by Fred Licciardi, M.D.
Today I have answered the more interesting questions over the past few months.
What do I think about cervical mucus? This is tricky question. I would not make any treatment plans based on cervical mucus. Some women have “normal” mucus and others have mucus that is a little thicker, and for some it gets thin only for a short amount of time. Most infertility doctors do not look into mucus problems because no studies have shown that thicker mucus is bad. No studies have shown that trying to fix "mucus problems" does anything. There are some infertility doctors who take their time and really work with mucus and have some pregnancies. However most of us understand that some women seeing fertility doctors do get pregnant on their own and that dealing with the mucus may be immaterial.
Can you have both hypothalamic amenorrhea and polycystic ovaries? The answer is that there are some women who have polycystic looking ovaries and do not ovulate, but do not have other criteria for PCO. In some cases it is hard to distinguish if the underlying problem is PCO or hypothalamic amenorrhea. However, treatment is usually similar in that we use the same medications to induce ovulation for both problems.
I am not familiar with endometriosis causing fevers. Some more rare autoimmune diseases may present with fever, but I am assuming that if you have any suspicious findings would have been tested for those things.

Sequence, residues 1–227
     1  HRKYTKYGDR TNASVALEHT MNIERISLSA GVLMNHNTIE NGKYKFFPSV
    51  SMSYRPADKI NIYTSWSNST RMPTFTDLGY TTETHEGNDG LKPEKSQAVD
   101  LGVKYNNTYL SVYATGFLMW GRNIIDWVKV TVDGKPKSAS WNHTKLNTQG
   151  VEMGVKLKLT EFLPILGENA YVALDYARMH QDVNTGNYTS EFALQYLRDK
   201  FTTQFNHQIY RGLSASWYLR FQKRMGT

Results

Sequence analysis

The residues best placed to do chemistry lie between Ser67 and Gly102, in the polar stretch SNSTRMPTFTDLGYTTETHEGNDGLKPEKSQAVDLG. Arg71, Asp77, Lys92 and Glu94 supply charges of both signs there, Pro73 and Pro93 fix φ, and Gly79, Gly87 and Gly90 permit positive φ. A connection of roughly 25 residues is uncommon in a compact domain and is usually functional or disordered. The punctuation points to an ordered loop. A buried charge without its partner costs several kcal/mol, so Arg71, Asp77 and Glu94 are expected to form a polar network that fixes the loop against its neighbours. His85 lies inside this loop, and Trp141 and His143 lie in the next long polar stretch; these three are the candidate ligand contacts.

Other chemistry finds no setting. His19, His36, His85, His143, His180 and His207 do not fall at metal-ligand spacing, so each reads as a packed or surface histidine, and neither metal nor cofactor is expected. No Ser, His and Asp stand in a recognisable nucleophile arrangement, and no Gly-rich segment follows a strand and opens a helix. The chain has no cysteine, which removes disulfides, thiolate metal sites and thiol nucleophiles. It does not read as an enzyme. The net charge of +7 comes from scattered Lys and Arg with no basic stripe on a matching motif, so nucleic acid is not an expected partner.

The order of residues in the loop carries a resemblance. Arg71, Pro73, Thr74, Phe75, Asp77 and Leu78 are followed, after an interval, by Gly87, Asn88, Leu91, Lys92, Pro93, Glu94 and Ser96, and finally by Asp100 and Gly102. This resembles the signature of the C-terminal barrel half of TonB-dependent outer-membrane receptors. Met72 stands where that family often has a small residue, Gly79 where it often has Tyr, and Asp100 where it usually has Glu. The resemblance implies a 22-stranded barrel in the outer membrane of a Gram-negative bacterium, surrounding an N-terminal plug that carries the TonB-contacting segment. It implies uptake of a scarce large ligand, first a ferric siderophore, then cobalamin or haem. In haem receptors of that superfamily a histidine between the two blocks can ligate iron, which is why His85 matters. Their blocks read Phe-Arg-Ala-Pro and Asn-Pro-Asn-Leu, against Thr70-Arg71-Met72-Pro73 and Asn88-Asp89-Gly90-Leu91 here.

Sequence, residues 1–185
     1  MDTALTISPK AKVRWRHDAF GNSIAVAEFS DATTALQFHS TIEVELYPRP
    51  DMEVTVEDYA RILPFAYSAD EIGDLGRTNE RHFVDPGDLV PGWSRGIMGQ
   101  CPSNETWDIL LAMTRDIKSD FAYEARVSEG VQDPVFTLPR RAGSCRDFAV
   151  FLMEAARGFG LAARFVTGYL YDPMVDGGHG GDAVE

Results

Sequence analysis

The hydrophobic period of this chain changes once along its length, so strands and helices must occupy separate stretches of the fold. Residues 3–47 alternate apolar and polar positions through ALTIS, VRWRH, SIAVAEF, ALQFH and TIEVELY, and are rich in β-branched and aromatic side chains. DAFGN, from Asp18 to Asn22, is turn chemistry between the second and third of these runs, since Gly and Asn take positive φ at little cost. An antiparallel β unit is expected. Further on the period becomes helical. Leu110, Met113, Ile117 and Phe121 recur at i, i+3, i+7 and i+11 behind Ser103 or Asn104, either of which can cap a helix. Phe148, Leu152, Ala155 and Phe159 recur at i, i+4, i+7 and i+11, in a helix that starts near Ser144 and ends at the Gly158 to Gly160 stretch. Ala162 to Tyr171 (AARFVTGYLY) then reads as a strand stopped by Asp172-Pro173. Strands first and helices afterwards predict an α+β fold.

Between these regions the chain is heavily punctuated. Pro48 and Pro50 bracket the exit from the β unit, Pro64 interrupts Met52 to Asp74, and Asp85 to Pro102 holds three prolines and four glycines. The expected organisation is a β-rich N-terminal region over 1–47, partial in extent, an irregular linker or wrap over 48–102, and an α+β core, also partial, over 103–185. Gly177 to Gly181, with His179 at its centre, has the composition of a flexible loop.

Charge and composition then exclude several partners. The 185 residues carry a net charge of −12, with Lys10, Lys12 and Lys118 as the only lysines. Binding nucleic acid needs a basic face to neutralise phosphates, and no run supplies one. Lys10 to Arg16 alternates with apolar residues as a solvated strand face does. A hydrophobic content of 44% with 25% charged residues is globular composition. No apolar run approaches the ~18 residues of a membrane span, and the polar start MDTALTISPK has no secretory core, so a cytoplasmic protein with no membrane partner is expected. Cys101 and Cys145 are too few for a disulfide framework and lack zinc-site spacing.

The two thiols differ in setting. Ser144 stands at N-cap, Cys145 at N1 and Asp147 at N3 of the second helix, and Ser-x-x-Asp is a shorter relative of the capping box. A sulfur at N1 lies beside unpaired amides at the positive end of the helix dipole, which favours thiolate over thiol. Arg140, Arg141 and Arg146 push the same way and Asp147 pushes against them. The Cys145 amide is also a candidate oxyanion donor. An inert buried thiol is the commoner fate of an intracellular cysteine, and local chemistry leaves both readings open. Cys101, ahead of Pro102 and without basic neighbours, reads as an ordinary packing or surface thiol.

Is a HSG the best test to see polyps? It depends. If your baseline ultrasound and HSG are totally clean, a sonohysterogram is probably not indicated. However if the first 2 tests give ambiguous or conflicting results, a sonohystergram would be the best test to diagnose polyps. Of course it always depends on who is doing the scan.
What if your first FSH is 20? You need to have the level repeated. Strange things happen every day.
What if you get regular periods and your ultrasound is normal, but the doctors cannot do the HSG because they cannot ”get in”? Get another opinion, someone else may be better at doing the HSG.
What if you do a donor egg cycle and the donor performs in a much less positive way than she has in the past? For example, she may have produced fewer eggs, or the fertilization rate was lower or the embryo quality may not have been as good? Unfortunately, this happens occasionally. We usually do not have an explanation for such an occurrence. We hope that after the transfer the pregnancy test is positive, but we understand that the cycle was a big disappointment and a financial burden as well. Pregnancies from marginal looking embryos happen every day.
What if hydros (hydrosalpinx) are seen on HSG but not on ultrasound? This is the usual scenario. The tubes need to be especially large and damaged to be seen on ultrasound.